Seola

Seola is an antediluvian novel published in 1878, written by Ann Eliza Smith. The publishers of the novel are Boston: Lee and Shepard, New York: Charles T. Dillingham.

The majority of the novel purports to be a translation of an ancient scroll diary written by a woman named Seola, who is identified as the wife of Japheth. The Book of Genesis indicates that Noah had three sons named Ham, Shem and Japheth. In the appendix section of the novel, Ann Smith describes how she was inspired to write the fantasy. She writes:

"Seola is a fantasy, revealed to the writer while listening to the performance of an extraordinary musical composition. It was sudden and unforeseen as the landscape which sometimes appears to a benighted traveller, for one instant only, illumined by the lightning's flash.

It does not therefore pretend to be either history or theology, but yet the theory upon which the story is founded is in strict accordance with the sacred writings of the Hebrews and traditions of other ancient nations."

Some of her research into the ancient traditions of these nations can be found in her first published work, From Dawn to Sunrise. The appendix and notes section at the end of the novel Seola explain certain passages within the story and how they are supported by real ancient texts. Portions of the story can be perceived as extrapolations from the Haggada, the Mahabharata, The Book of Enoch and the creation myths of Greek mythology.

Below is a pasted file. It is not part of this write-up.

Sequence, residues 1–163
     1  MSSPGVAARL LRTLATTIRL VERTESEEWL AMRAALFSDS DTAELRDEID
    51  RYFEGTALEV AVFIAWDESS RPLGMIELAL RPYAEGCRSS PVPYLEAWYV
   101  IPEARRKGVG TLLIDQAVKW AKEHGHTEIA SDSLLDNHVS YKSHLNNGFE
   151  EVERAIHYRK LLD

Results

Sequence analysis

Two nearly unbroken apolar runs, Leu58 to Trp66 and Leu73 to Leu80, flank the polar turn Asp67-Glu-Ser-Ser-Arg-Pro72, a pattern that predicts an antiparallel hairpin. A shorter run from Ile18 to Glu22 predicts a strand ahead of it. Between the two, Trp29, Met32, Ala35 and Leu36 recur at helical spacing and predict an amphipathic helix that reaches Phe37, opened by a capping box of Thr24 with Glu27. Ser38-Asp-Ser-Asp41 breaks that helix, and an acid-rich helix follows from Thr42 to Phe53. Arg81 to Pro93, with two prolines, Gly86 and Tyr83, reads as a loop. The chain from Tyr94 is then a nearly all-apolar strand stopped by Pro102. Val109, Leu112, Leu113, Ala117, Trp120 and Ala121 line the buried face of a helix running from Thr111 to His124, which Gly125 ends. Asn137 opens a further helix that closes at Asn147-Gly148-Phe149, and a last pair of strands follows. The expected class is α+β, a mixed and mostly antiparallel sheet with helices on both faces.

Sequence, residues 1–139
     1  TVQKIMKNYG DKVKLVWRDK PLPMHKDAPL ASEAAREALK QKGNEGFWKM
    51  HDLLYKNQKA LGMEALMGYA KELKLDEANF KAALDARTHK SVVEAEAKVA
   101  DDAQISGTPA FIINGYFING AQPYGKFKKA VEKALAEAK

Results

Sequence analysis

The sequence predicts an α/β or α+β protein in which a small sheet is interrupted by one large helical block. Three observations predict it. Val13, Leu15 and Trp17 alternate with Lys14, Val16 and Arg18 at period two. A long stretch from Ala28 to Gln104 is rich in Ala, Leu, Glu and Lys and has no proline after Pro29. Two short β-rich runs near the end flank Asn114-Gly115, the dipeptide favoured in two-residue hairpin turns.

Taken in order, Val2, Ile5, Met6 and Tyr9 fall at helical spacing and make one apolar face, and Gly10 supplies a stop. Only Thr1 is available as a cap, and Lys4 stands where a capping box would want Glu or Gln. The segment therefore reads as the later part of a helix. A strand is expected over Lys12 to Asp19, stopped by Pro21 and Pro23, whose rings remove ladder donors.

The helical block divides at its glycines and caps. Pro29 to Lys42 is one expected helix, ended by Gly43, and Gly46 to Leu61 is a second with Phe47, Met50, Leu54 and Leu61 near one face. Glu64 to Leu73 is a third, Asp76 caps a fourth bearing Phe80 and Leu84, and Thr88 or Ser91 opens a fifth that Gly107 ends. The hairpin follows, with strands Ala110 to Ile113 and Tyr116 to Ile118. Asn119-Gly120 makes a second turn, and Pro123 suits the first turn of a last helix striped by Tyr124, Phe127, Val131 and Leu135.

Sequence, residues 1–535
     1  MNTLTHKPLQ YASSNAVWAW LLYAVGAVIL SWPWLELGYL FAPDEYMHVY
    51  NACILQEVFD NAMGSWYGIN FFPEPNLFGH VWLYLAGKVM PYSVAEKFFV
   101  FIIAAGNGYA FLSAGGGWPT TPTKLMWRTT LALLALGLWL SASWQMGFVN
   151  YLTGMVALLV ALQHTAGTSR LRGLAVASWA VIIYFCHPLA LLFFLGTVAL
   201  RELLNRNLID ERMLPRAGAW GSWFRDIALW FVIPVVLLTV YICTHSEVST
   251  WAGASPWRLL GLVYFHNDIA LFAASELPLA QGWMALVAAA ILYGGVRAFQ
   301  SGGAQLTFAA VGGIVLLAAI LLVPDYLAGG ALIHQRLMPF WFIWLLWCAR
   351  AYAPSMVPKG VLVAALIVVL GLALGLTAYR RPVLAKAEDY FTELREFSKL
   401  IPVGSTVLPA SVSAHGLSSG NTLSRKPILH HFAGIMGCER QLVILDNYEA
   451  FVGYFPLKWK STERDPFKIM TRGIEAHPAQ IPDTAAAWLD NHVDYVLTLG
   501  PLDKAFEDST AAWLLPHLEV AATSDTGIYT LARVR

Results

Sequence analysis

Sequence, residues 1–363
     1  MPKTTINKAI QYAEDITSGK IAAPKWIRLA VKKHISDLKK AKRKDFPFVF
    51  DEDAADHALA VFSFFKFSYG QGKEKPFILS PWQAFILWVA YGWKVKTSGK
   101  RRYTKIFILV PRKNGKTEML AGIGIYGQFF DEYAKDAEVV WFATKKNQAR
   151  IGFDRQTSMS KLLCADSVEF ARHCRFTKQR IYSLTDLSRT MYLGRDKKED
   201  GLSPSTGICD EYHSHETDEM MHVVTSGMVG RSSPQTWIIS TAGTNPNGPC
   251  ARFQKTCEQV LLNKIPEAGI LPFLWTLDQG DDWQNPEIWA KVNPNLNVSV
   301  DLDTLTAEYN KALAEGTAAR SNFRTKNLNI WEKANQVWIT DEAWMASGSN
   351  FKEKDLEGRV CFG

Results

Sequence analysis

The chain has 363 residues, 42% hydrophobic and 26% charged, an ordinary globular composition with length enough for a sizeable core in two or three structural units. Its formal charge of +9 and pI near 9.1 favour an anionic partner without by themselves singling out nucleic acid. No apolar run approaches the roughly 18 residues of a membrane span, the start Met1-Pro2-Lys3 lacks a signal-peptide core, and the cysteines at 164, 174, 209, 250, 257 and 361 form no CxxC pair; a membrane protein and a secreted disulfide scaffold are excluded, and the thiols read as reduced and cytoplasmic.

Read more about Seola:  Plot, Derivative Works

Other articles related to "seola":

Seola - Derivative Works
... In 1924, an anonymous author published a revision of Seola under the title Angels and Women ... In Angels and Women, Seola and Lucifer are named Aloma and Satanas, and the city of Sippara is called Balonia ... It is a reproduction and revision of the novel, “Seola” which was written in 1878, and which deals with conditions prior to the flood ...
Ann Eliza Smith
... She was best known for her three novels, Seola, Selma, and Atla ... Smith's second work was the novel titled Seola (1878) which was written as an antediluvian diary ... In 1924 Seola was revised by the "Bible Students" -later known as Jehovah's Witenesses- and retitled as Angels and Women ...
History Of Galway - Early Galway
... Clann Fhergail itself was a sub district of Uí Bhriúin Seola the territory of which is called Maigh Seola ('plain of Seola') ...
Sieges Of Galway - O Brian's Siege of 1149
... It was a combined raid of plunder (taking the rich pickings of Maigh Seola) and military strategy (destroying the Dún) ... Gaillimh." Again, the mention of Magh Ua mBriuin - an alternative name for Maigh Seola - demonstrates the destruction of Gallimhe and its fleet was merely one tactic employed by O Brian ... - from which plundering raids could be made into Clan Fergal, Maigh Seola, Meadraige and Ui Fiachrach Aidhne - O Brian may have been letting Ua Lochlainn unleash himself against a prime adversary ...